Thursday, June 05, 2008

Day Seven- Inis Mor, Dun Aonghasa

We went down to the town of Kilronan and checked our bags in at the Bord Failte, and rented bicycles to ride out to Dun Aonghasa, the stone fort far out on the cliff tops. Bicycle is the best way to see the island; the boys were game. Bren was querying the locals about the wormhole, an ocean phenomenon he read about in one of the guidebooks. I warned them that I could not keep up with them because of my asthma. I figured I'd make my way slowly out to the fort, maybe meet them there, then head back slowly to the village and shop at the Aran Sweater Mill, picking up some excellent knit goods.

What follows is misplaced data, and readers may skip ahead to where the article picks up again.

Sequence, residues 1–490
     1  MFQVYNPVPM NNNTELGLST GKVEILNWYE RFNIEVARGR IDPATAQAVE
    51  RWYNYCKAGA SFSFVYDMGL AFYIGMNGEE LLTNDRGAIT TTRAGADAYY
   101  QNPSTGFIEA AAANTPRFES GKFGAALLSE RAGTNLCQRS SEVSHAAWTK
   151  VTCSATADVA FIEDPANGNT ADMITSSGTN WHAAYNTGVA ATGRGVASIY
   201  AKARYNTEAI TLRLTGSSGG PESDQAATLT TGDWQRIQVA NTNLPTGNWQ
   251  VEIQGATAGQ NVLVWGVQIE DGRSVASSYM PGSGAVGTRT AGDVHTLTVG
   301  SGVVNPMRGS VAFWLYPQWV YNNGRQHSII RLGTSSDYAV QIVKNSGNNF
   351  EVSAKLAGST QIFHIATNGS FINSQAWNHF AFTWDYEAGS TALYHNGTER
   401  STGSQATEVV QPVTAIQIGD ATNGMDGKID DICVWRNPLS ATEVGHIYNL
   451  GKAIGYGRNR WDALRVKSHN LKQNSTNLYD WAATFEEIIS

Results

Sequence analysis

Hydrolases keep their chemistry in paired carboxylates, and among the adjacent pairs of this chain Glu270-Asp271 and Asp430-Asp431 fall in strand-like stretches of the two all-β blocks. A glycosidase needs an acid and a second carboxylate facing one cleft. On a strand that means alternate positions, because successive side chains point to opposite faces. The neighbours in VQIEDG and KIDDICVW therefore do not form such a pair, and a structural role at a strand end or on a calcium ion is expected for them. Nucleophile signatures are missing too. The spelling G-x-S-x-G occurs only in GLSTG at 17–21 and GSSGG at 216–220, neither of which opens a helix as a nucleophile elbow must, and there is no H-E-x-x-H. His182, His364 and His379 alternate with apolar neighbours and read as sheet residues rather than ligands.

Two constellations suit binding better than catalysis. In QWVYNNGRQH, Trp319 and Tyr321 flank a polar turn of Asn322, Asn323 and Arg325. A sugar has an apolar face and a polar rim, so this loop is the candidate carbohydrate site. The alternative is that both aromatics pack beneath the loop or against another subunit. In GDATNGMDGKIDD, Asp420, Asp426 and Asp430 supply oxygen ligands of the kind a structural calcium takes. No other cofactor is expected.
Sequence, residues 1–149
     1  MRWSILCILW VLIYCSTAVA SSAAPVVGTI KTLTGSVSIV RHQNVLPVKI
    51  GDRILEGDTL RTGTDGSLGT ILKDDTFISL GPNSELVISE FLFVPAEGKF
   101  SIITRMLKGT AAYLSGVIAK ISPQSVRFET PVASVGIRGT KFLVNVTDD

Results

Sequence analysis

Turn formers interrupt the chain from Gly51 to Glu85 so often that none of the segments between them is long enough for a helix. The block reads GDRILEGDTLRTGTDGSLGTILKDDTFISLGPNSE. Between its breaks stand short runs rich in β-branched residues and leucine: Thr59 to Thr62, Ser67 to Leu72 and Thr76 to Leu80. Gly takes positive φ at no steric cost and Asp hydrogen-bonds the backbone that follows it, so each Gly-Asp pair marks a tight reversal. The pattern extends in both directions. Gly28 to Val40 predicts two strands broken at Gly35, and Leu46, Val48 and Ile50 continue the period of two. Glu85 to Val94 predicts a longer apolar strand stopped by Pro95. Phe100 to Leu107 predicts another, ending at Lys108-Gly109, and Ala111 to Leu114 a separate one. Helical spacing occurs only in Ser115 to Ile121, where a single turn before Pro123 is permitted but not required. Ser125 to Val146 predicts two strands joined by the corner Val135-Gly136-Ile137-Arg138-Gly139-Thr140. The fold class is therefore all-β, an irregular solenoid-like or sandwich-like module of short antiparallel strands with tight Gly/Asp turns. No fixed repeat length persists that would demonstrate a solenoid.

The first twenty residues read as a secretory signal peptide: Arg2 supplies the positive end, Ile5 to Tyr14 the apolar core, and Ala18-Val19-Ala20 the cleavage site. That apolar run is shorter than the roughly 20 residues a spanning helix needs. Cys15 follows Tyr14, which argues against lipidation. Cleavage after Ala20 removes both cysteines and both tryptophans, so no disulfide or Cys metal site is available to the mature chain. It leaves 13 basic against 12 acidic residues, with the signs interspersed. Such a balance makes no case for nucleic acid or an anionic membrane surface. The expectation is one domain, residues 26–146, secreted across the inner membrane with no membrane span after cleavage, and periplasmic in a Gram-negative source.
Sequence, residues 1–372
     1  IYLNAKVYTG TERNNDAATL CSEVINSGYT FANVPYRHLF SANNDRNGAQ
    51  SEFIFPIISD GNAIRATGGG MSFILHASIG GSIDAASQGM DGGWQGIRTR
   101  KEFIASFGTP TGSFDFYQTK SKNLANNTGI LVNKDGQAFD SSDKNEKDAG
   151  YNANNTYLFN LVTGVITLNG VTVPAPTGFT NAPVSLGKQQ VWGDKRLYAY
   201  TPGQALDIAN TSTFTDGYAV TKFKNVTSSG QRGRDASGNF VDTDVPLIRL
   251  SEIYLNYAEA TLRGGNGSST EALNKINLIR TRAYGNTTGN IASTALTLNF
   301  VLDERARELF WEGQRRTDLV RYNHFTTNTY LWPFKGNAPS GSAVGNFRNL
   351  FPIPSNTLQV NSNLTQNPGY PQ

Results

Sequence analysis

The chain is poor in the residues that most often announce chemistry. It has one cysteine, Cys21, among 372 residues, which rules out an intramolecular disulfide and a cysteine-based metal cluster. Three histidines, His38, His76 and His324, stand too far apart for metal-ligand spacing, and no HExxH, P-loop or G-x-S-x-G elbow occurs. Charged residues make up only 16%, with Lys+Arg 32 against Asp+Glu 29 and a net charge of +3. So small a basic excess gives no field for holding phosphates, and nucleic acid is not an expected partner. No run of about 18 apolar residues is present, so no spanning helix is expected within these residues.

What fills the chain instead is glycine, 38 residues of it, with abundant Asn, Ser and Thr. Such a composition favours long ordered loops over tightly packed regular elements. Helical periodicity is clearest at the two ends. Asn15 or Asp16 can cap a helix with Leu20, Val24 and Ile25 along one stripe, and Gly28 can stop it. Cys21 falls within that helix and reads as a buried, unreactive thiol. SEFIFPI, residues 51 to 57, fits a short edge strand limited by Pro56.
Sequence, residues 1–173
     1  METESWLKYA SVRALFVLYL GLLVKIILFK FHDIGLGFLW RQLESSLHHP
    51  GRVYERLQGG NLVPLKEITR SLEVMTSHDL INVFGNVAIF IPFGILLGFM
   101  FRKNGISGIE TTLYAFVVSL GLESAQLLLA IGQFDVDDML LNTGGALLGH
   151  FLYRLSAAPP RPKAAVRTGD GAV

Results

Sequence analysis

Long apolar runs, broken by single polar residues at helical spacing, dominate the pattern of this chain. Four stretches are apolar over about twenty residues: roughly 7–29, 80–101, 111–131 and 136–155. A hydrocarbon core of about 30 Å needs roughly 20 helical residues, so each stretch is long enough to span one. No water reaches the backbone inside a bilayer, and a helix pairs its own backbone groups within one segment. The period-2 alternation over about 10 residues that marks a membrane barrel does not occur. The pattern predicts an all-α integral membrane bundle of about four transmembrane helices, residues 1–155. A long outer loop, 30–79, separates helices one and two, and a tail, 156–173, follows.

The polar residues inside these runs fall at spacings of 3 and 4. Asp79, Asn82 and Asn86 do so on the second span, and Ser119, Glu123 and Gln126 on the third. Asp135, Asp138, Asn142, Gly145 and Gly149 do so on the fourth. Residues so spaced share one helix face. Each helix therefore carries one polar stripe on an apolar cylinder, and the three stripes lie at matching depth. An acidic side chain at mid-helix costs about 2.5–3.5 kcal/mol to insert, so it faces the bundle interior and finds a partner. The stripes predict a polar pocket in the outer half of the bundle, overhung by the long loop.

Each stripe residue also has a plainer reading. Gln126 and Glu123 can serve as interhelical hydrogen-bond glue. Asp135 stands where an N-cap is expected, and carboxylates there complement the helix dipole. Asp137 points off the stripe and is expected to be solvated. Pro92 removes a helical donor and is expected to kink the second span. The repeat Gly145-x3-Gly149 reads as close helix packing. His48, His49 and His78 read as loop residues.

They took off and I made my way out to the fort. I parked my bike at the visitor center and paid to go in. There's an excellent exhibit about the fort; I skipped it thinking the boys had been there long before me (plus I had been before) and hiked up the long and steep path to the narrow stone entryway, the only way in. The fort is situated far out on a cliff top, giving excellent protection from raiders and marauder. Because it's so high on the cliff, sentries would be able to observe attackers from afar, and sound an alarm, giving the inhabitants time to scurry back into the fort from their daily activities of farming, fishing, etc. The views are stunning. Not a few crazy tourists climb out onto the cliff to take a photo at yet another angle (see the photos and decide if my sons are among them). I passed beyond the barrier and hiked out some way along the cliff top where the vegetation was different; more flowers among the stones. Then I went back into the fort. The boys met me there, and relayed that Bren's bike chain had come undone, so they fixed it and went to the beach to clean the grease off, and saw me ride by on my way up the hill. We got some photos of each other on the cliffs; I got one of the boys leaving the sole entry way.